- MSc, CCMB, Jawaharlal Nehru University, New Delhi, Indi
- PhD, State University of New York at Stony Brook
- Assistant Professor, Medicine- Infectious Diseases and International Health
- Phone: 434-243-7243
- Email: firstname.lastname@example.org
Iron-uptake mechanisms and Virulence Factors of Francisella tularensis; Microbial Pathogenesis
Tularemia is a plague-like disease caused by the bacterium Francisella tularensis. This organism is highly infectious as an aerosol and an effective vaccine for the agent does not currently exist. My major research interest is in mechanisms governing pathogenicity of this intracellular pathogen. Acquisition of iron in the host environment is a challenge for the pathogen, and we are studying the mechanisms for acquisition of iron using a combination of bioinformatics, genetic and proteomic methods. F. tularensis uniquely employs paralogous proteins for TonB-independent siderophore-mediated uptake and for high affinity ferrous iron transport across the outer membrane. These iron acquisition mechanisms are critical for pathogenicity. These iron uptake and utilization mechanisms are potential targets for development of vaccine and therapeutic strategies.
Girija Ramakrishnan is an affiliated faculty member of the Microbiology, Immunology and Infectious Diseases program.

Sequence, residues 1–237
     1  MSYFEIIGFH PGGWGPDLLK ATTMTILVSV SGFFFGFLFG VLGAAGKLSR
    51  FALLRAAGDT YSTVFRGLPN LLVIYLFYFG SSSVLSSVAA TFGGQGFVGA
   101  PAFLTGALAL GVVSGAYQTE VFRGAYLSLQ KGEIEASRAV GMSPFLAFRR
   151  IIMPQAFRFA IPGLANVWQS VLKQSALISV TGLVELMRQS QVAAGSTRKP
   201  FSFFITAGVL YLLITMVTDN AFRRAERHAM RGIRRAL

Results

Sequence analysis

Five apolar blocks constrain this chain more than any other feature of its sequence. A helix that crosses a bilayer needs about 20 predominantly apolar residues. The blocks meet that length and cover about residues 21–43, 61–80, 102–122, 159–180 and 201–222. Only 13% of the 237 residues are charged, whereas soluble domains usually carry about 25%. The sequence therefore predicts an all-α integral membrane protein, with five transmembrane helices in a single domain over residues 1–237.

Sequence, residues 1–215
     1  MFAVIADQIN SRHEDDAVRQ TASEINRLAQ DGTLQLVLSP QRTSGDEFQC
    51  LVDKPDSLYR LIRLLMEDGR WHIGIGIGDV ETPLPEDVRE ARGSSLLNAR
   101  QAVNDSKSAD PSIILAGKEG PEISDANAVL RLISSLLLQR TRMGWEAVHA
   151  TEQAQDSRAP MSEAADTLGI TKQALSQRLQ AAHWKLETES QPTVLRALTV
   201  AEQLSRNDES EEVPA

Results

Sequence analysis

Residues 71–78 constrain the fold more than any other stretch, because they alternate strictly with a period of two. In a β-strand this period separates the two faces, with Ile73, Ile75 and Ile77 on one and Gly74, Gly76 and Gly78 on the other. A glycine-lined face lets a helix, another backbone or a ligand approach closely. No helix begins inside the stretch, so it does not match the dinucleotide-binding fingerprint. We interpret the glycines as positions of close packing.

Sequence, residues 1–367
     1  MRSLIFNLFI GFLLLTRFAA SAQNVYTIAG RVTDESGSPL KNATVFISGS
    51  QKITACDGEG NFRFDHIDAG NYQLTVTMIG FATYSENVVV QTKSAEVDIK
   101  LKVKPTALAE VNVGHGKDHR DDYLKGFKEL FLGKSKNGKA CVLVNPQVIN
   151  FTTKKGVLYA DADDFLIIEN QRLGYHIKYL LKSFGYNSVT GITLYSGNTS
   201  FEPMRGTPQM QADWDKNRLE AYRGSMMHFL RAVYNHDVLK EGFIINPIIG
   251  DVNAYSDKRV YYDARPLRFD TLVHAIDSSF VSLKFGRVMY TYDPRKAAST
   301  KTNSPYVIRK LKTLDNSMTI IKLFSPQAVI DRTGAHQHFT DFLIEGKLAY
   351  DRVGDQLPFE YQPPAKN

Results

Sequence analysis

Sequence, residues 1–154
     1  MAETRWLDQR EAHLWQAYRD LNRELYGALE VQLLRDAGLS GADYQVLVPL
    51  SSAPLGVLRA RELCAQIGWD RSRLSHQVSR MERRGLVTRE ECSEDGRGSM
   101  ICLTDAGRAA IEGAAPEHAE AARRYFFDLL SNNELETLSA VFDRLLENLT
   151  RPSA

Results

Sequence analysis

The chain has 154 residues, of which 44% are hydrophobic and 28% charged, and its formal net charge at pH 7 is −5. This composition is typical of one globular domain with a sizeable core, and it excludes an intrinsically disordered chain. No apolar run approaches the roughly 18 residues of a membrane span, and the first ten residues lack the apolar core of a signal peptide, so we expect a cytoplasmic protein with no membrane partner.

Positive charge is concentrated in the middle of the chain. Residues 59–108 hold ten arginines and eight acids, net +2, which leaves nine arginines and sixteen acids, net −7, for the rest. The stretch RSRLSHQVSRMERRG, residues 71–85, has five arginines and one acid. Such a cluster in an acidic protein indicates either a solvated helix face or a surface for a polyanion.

- Pérez N, Ramakrishnan G. The Reduced Genome of the Francisella tularensis Live Vaccine Strain (LVS) Encodes Two Iron Acquisition Systems Essential for Optimal Growth and Virulence. PloS one. 2014;9(4): e93558. PMID: 24695402
- Ramakrishnan G, Sen B. The FupA/B protein uniquely facilitates transport of ferrous iron and siderophore-mediated ferric iron across the outer membrane of Francisella tularensis Live Vaccine Strain. Microbiology (Reading, England). 2013. PMID: 24307666
- Ramakrishnan G, Sen B, Johnson R. Paralogous outer membrane proteins mediate uptake of different forms of iron and synergistically govern virulence in Francisella tularensis tularensis. The Journal of biological chemistry. 2012;287(30): 25191-202. PMID: 22661710 | PMCID: PMC3408188